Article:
Kuribayashi/Kyoei 35 mm f/3.5  

Petri film SLR cameras from the 1960s with M42 lens mounts were often equipped with lenses marked Petri Kuribayashi or Petri Orikkor (sometimes misspelled Orrikor in eBay ads). The 35 mm f/3.5 of this series, in particular, has been discovered for UV photography by Steve Smeed (MFlenses bulletin board, ClubSnap forum) and shown (e.g. by Klaus Schmitt, Photography of the Invisible World blog) to exhibit a higher transmission in the near UV than the Noflexar 35 mm, and a useful transmission down to 320-330 nm. Mounted on a focusing helicoid for use in the macrophotography range on a Micro 4/3 camera, this lens exhibits excellent properties in UV photography, including a high image quality at apertures between f/8 and f/16. These lenses were also branded as Kyoei and other brands (see below).

Figure 1. Kyoei type 1

In the above picture is a very early Acall Kyoei 35 mm f/3.5. Judging from its serial number 35001, where the first two digits may well be the focal length (a practice used in the past by several lens makers including Nikon, and on the Novoflex Noflexar 35 mm f/3.5) it may be the very first specimen that left the factory with the Acall Kyoei brand and in this version. The front element diameter of this lens is 23 mm. This specimen is equipped with a fixed, non-standard 46 mm threaded mount and a removable Exakta adapter. An externally quite similar barrel style was used by Kyoei for lenses mounted on some Petri 35 mm rangefinder cameras from the 1950s and early 1960s. I call this lens Kyoei type 1 in the rest of this discussion.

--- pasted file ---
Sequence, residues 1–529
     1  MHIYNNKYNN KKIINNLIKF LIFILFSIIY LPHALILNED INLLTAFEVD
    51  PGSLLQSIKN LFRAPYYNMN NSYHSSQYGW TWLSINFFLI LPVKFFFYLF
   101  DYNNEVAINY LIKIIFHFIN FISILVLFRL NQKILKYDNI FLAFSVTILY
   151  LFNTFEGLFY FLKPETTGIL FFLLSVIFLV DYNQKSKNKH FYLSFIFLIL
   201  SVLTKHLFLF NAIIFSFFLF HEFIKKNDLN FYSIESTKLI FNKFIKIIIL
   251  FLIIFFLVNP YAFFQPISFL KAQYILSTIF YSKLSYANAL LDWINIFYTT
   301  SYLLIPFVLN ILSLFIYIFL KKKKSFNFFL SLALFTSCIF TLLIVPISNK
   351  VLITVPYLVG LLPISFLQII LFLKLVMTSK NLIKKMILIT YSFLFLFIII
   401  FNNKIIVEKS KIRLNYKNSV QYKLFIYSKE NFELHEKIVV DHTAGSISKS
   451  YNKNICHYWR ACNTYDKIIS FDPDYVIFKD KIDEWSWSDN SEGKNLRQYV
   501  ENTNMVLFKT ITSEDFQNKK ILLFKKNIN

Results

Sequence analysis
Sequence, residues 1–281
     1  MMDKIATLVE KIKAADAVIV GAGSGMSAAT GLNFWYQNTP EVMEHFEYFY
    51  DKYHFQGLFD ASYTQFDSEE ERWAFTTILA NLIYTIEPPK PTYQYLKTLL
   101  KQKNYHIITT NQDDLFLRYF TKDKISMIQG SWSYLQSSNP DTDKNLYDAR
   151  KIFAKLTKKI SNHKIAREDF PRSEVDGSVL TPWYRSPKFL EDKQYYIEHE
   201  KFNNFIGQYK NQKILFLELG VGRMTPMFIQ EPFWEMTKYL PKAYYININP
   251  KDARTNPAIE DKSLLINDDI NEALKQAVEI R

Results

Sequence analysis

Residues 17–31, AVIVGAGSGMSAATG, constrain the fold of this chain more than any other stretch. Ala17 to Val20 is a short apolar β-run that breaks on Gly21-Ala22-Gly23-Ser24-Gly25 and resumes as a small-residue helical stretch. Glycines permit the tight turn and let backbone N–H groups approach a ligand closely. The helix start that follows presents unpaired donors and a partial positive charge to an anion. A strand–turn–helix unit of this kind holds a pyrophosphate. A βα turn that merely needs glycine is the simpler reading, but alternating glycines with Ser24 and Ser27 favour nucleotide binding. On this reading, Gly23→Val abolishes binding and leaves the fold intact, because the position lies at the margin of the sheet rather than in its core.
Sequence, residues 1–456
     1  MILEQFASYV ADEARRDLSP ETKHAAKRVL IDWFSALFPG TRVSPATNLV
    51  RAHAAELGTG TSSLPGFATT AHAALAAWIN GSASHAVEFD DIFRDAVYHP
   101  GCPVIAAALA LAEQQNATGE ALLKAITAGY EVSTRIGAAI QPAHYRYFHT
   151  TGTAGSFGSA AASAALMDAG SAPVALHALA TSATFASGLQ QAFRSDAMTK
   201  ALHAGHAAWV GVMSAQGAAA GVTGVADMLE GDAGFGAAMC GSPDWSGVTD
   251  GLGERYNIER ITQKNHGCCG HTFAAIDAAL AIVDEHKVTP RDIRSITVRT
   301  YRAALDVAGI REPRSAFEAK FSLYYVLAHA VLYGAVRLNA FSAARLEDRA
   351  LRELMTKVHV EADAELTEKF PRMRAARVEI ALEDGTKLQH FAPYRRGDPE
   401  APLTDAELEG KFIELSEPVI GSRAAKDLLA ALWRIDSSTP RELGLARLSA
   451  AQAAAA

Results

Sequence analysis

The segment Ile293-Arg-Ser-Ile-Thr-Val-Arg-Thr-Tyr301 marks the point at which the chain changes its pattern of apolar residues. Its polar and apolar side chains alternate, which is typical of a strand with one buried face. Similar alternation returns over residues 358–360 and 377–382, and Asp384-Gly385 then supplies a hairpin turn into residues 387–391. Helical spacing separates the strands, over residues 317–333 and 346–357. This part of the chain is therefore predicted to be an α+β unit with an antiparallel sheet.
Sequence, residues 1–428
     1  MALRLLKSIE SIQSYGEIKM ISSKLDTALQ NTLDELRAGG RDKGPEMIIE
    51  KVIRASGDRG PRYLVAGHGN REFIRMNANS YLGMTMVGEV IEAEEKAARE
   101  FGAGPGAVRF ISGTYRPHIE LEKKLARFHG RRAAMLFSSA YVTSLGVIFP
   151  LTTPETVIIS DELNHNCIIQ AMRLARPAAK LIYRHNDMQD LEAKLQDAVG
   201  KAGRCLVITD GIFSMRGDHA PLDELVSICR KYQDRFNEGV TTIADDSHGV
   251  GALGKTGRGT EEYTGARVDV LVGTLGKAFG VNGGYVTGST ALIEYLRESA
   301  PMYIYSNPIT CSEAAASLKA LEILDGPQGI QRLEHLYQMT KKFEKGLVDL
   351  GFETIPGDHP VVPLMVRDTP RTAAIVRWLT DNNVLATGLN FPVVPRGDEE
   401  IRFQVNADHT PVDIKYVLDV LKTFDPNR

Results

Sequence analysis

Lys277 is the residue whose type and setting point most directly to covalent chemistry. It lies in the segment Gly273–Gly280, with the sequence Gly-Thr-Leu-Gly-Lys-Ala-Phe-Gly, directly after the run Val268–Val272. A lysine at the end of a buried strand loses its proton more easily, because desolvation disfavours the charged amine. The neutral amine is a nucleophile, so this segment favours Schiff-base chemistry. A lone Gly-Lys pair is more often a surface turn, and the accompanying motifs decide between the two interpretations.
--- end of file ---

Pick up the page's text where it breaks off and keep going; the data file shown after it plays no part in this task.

Kyoei Optical Co. Ltd. is the company, while W. Acall (where W stands for wideangle) seems to be a series or sub-brand (like Nikon's Nikkor and Minolta's Rokkor). However, in some cases (especially on lens shades and cardboard lens boxes) Acall is the only visible branding. The Super Acall branding is also found on other lenses.

Figure 2. Kyoei type 2

So far, I have been unable to obtain any Petri Kuribayashi branded lenses. However, the very same lens design was used in lenses with different brands and/or mounted in different barrels and lens mounts, including M42 and Exakta, and marketed in the same period. The Acall and/or Kyoei branding is common. Above is a W Acall Kyoei (which I call Kyoei type 2) in a barrel identical to the Petri Kuribayashi/Orikkor, except for a small detail - the focus ring is all black instead of "zebra" style. The serial number of this Kyoei type 2 is 36843. I have seen pictures of a Kyoei type 2 specimen marked 35722, which suggest that the original serial numbering of the Kyoei type 1 was inherited by the type 2 until it reached 35999, after which it restarted at 36XXX. Therefore, these type 2 lenses with the "Kuribayashi look" were introduced after the Kyoei type 1. The newer preset and aperture rings are narrower and more protruding, perhaps to make them easier to feel without looking, or to turn with gloves.

The brands used on these lenses are quite varied. The following list includes the brands carried by lenses of these types.

  • Petri Kuribayashi